When children cannot be cared for in the home with their parents, we ask the parents and child to identify their family and friends who are a support. A Family Finder maps out the family genogram and may arrange a Family Networking Meeting. You may also ask the child’s family to put your name forward as a potential kin support.
Once you decide you would like to provide care to the child/ren, a Kin Worker will contact you in order to complete a Kin Assessment. The Kin Worker will answer your questions and ask you for documentation.
Some points you may want to consider before you meet with the Kin Worker:
- Your relationship to the child and where the child will live;
- Who would take care of the child every day and where the child will go to school;
- Where would the child would go to daycare or who the babysitter will be;
- How long do you plan to care for the child how you could work with F&CS and support the parents?
The Kin Assessment:
To be sure that your home is a safe place for the child to be, a Kin Worker will meet with you. The worker will look at the safety of your home as well as your ability to meet the child's needs.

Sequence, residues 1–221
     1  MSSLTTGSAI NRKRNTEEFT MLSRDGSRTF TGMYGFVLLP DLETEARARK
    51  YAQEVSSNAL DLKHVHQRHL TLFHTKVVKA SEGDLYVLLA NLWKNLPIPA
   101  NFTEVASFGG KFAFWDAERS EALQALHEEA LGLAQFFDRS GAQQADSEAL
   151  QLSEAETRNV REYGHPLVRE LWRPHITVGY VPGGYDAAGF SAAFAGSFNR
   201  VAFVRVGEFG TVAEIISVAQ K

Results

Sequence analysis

The Kinship Assessment includes a Home Safety Checklist and interviews. During the interviews, you will talk about things like: your relationship to the child and parents, the child's needs, your health and family history, any trouble with the law or problems keeping children safe in the past, your ability to add this child to your family and still give your family what they need.
Documents you will need:
Each person living in your home who is 18 years old or older must have two checks.
- Police Record Check for Service with the Vulnerable Sector Police Record Checks :: St. Thomas Police Service :: Consumer :: Home - This is a special check that is used when people want to work with children.
- Consent for Child Welfare Record Check - This enables the Kin Worker to check to see if you have been involved with a Children's Aid Society before in other areas where you have lived.